The tabloid frenzy surrounding the unexplained death of one of Britain's richest women has crossed the Atlantic and come ashore on Hilton Head Island.
Media representatives from Great Britain and Sweden were on the island Wednesday seeking interviews with the dead woman's parents. Eva Rausing, born Eva Kemeny, is the daughter of former Pepsico executive Tom Kemeny and his wife, Nancy, who have had a home on the island since 1980.
The tale of the Rausings -- ultra-rich philanthropists with a history of drug abuse; one dead, the other hospitalized -- has dominated British headlines since Eva Rausing, 48, was found dead in her London home Monday.
On Wednesday, reporters shifted their focus here as they searched for details about the dead woman's upbringing and family. In England, investigators awaited the outcome of further tests to discover what killed the U.S.-born billionaire.
Rausing's body was discovered at the couple's luxurious five-story mansion, and her husband, Hans Kristian Rausing, was briefly arrested in connection with suspected drug crimes. He later checked in to a London hospital for treatment of an undisclosed illness.
Police said they want to question him about the circumstances surrounding his wife's death, and have not said whether foul play is suspected.
The Rausings were wealthy philanthropists who have both waged a long battle against drug addiction. They were arrested on drug charges in 2008 after Eva Rausing was caught trying to smuggle crack cocaine and heroin into the U.S. Embassy in London in her handbag.
Hans Rausing, 49, is an heir to the TetraPak fortune his father built as a globally successful manufacturer of laminated cardboard drink containers.
'NICE, REGULAR FOLKS'
Tom and Nancy Kemeny live in a 3,351-square-foot, two-story home inside Sea Pines. The house has an in-ground pool and a market value at slightly more than $1 million, according to Beaufort County property records.
The couple splits time between London and Barbados, according to friends and neighbors.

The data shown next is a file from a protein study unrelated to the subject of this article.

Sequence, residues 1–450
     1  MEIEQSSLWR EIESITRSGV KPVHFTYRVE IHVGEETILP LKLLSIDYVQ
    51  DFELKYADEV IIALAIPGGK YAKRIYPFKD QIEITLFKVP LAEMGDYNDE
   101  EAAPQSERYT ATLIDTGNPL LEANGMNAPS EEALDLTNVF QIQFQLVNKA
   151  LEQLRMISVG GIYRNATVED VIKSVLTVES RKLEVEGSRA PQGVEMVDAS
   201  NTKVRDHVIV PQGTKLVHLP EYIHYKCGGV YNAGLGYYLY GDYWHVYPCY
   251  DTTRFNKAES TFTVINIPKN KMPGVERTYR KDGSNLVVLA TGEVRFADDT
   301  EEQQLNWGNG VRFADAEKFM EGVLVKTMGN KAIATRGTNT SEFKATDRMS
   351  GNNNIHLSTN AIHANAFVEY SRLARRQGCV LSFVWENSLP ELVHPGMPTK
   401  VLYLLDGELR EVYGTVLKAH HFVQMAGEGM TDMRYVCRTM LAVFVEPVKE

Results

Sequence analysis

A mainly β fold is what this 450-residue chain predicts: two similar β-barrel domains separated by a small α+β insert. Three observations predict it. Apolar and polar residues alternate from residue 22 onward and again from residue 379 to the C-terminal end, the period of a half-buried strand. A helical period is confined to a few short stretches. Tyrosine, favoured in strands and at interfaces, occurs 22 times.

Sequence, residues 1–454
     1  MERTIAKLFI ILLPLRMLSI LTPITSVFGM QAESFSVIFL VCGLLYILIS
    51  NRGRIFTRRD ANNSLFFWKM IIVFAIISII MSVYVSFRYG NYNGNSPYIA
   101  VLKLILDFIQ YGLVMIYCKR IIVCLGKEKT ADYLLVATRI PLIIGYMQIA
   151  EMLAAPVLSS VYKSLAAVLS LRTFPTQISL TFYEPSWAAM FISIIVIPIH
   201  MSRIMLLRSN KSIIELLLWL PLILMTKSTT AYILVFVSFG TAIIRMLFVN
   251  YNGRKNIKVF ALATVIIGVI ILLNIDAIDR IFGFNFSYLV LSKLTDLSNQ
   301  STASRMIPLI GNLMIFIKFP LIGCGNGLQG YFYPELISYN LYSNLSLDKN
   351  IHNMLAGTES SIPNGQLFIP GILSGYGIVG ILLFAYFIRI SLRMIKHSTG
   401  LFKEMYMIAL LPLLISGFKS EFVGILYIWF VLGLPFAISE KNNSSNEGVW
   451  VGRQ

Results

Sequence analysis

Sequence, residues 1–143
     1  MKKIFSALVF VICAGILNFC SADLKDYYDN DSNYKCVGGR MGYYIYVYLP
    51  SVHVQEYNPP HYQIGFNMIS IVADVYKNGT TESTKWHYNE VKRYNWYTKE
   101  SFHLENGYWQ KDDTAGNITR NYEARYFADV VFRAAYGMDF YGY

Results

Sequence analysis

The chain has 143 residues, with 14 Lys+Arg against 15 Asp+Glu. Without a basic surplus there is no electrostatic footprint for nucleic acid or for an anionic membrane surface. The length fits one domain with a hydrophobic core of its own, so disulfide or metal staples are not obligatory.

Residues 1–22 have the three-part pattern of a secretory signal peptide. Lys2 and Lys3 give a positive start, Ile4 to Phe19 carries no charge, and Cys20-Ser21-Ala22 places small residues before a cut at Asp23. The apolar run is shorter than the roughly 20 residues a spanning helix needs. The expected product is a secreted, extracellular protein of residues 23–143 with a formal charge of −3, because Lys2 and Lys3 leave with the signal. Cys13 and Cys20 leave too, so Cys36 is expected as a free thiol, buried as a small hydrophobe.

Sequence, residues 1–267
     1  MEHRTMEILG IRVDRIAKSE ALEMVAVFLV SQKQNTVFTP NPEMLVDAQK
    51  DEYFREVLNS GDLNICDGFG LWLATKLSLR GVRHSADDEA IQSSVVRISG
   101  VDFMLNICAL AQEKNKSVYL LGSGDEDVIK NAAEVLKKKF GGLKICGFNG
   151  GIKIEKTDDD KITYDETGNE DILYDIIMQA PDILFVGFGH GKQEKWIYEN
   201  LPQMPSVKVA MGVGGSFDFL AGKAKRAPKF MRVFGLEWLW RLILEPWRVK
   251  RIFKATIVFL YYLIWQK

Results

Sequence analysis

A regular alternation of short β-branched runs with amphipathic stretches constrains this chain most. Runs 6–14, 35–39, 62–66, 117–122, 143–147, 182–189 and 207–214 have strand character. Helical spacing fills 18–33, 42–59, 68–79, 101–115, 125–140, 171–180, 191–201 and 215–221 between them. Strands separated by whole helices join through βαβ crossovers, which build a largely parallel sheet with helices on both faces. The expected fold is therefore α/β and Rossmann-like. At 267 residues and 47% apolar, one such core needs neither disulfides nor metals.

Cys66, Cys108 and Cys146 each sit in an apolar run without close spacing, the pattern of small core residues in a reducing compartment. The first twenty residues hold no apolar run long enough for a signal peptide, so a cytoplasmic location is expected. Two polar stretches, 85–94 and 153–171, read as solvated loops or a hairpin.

Eva Rausing's younger sister, Be Kemeny, who was once married to polo player Jack Kidd, also lives in a beach house on the island with her children.
In contrast to the high-society travails of their daughters, Tom and Nancy Kemeny lived what was apparently a low-key life, according to friends and neighbors.
Several Hilton Head residents were surprised Wednesday by phone calls from a wire service reporter seeking details about the couple. Calls by The Island Packet to about 15 government officials and long-time island residents revealed most did not know the couple.
Some neighbors, though, said they were shocked, and deeply saddened, to learn of the couple's loss.
"They're nice, regular folks," said Stanley Toll, who lives several houses down from the Kemenys' home. "They're sweet, friendly, lovely people, and I'm sorry for their loss."
A family friend and Hilton Head resident, who declined to be identified, said the Kemenys had been caring for Eva Rausing's four children.
Tom Kemeny, reached by cellphone, declined to comment on the death of his daughter. A statement from Kemeny family said her parents, "along with all of their family, are deeply saddened by the death of their beloved daughter."
They said she was "a devoted wife for 20 years and mother of four much loved and wonderful children."
The family acknowledged Eva Rausing's struggles, but "during her short lifetime she made a huge philanthropic impact, supporting a large number of charitable causes" and "bravely fought her health issues for many years."
Ths Rausings met while they were in rehab 25 years ago and came to support many causes, including some associated with fighting drug addiction.
"She was a lovely young woman -- very sophisticated," the family friend said. "And (the Kemenys) are fabulous people who are very down-to-earth, very private ... and are the best grandparents I know. What has happened is very sad."
Reporter Tom Barton, Reuters, The Associated Press and The New York Times contributed to this article.